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Non-GMO
Neonicotinoid-Free
Heirloom

Knuckle Purple Hull

Quick Facts:

  • Open-pollinated variety ca.1958
  • Heavy yielding, bushy plants
  • Pods held high for easy picking
  • Large, tan to brown, crowder-type peas
  • Popular for freezing, canning and dry storage

View full description

Quantity: Packet (50 Seeds)

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We ship to all areas of North America including the United States, its territories and outlying islands, and Canada. International orders may incur an additional charge to cover the handling of customs paperwork. Returns are accepted within 30 days of receipt. Full warranty information can be found here.

Knuckle Purple Hull

More about Knuckle Purple Hull

Vigna unguiculata

Knuckle Purple Hull is an heirloom variety of crowder pea produced by the Alabama Agricultural Research Station and released in 1958.  Vigorous, bushy plants produce an abundance of mottled purple pods held high above the plants for easy picking.   Pods grow 6 to 9 inches long, enclosing large, tightly packed peas, which gives the pods a knuckle-like appearance as they fill out.  The crowder-type peas have a buff coloring at fresh shell stage and turn brown at maturity.  Knuckle Purple Hull is a popular variety for freezing and also suitable for canning or dry storage.  Extremely heat and drought tolerant.  Harvests begin approximately 65 days after sowing.  Each packet contains a minimum of 50 seeds.... More

Less

Vigna unguiculata

Knuckle Purple Hull is an heirloom variety of crowder pea produced by the Alabama Agricultural Research Station and released in 1958.  Vigorous, bushy plants produce an abundance of mottled purple pods held high above the plants for easy picking.   Pods grow 6 to 9 inches long, enclosing large, tightly packed peas, which gives the pods a knuckle-like appearance as they fill out.  The crowder-type peas have a buff coloring at fresh shell stage and turn brown at maturity.  Knuckle Purple Hull is a popular variety for freezing and also suitable for canning or dry storage.  Extremely heat and drought tolerant.  Harvests begin approximately 65 days after sowing.  Each packet contains a minimum of 50 seeds.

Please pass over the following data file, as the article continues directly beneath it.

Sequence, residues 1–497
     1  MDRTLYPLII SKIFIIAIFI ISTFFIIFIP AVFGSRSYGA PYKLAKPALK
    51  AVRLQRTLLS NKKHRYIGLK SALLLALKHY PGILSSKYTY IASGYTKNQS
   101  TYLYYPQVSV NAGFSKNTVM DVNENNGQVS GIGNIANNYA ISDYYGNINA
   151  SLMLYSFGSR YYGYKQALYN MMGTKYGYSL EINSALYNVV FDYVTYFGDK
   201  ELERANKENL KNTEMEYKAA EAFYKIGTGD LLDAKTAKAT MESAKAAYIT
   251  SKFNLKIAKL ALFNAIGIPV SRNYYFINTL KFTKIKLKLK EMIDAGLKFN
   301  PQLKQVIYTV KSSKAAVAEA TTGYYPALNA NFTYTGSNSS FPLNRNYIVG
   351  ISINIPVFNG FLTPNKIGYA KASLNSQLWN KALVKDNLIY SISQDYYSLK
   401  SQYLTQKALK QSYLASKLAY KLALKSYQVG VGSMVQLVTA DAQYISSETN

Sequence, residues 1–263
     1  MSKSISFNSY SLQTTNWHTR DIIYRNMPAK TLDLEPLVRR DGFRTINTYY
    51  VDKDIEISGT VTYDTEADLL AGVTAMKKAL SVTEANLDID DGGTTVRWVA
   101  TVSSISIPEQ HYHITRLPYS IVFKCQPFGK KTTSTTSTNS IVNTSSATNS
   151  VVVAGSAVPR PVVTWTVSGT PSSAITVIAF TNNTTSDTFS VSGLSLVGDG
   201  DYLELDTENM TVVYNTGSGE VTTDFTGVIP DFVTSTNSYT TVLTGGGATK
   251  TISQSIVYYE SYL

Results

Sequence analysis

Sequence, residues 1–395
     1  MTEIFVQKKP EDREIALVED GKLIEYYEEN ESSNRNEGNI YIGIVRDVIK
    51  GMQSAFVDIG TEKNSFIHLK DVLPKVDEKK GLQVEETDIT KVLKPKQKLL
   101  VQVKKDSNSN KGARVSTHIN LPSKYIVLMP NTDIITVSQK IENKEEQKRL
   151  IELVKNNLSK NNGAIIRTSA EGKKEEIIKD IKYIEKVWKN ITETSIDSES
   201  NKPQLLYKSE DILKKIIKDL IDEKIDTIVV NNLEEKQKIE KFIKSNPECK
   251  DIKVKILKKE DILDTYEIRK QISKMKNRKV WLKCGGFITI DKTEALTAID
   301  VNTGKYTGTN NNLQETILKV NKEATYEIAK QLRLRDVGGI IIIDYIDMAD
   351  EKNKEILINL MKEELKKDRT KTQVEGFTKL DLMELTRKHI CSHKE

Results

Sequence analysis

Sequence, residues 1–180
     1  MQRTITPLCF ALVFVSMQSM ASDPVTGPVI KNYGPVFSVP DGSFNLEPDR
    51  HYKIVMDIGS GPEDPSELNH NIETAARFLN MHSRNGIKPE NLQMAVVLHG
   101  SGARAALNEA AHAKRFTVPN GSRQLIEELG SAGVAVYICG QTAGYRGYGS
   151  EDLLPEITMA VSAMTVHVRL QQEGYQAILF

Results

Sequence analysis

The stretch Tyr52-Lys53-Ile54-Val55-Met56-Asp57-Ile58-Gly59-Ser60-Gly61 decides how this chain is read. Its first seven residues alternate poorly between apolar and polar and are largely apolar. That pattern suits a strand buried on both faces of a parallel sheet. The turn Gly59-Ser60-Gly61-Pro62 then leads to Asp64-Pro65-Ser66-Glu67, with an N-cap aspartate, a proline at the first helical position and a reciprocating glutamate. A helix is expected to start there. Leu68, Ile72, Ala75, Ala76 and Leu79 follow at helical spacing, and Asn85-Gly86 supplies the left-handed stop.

Vigna unguiculata

Knuckle Purple Hull is an heirloom variety of crowder pea produced by the Alabama Agricultural Research Station and released in 1958.  Vigorous, bushy plants produce an abundance of mottled purple pods held high above the plants for easy picking.   Pods grow 6 to 9 inches long, enclosing large, tightly packed peas, which gives the pods a knuckle-like appearance as they fill out.  The crowder-type peas have a buff coloring at fresh shell stage and turn brow... read more

read less

Vigna unguiculata

Knuckle Purple Hull is an heirloom variety of crowder pea produced by the Alabama Agricultural Research Station and released in 1958.  Vigorous, bushy plants produce an abundance of mottled purple pods held high above the plants for easy picking.   Pods grow 6 to 9 inches long, enclosing large, tightly packed peas, which gives the pods a knuckle-like appearance as they fill out.  The crowder-type peas have a buff coloring at fresh shell stage and turn brown at maturity.  Knuckle Purple Hull is a popular variety for freezing and also suitable for canning or dry storage.  Extremely heat and drought tolerant.  Harvests begin approximately 65 days after sowing.  Each packet contains a minimum of 50 seeds.